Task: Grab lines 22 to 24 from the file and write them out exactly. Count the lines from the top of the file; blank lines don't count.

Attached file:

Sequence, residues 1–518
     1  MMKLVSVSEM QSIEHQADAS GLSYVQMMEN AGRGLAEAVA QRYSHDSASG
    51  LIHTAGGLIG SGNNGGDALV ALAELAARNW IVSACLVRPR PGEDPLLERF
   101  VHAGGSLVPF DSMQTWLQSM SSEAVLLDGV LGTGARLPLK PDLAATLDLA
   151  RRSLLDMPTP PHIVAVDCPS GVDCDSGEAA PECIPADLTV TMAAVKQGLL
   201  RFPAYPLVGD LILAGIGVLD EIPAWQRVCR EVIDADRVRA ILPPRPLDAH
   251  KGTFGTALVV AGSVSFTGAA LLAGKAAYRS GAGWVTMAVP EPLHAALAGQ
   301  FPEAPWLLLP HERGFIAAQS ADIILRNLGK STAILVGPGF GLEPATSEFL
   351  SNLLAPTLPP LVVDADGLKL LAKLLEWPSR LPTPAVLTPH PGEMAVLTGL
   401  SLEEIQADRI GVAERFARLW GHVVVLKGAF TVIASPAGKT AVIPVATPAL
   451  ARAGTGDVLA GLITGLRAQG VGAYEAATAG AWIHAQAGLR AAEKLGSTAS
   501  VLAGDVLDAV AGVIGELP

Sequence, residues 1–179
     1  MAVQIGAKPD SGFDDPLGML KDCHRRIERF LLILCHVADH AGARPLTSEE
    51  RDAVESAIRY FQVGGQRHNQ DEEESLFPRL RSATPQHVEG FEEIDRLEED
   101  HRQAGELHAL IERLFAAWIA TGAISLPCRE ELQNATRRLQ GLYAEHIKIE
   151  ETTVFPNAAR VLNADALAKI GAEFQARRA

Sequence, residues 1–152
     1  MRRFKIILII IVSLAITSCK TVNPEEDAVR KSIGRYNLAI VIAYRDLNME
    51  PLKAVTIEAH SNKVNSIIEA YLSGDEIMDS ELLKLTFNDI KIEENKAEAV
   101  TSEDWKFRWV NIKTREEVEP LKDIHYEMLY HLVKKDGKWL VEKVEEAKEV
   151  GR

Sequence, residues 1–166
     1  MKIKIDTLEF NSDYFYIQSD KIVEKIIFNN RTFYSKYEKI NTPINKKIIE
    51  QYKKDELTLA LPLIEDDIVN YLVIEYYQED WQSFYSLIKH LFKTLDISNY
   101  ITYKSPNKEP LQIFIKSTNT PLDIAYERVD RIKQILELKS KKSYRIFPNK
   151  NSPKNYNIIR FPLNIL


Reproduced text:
   151  GR

Sequence, residues 1–166
     1  MKIKIDTLEF NSDYFYIQSD KIVEKIIFNN RTFYSKYEKI NTPINKKIIE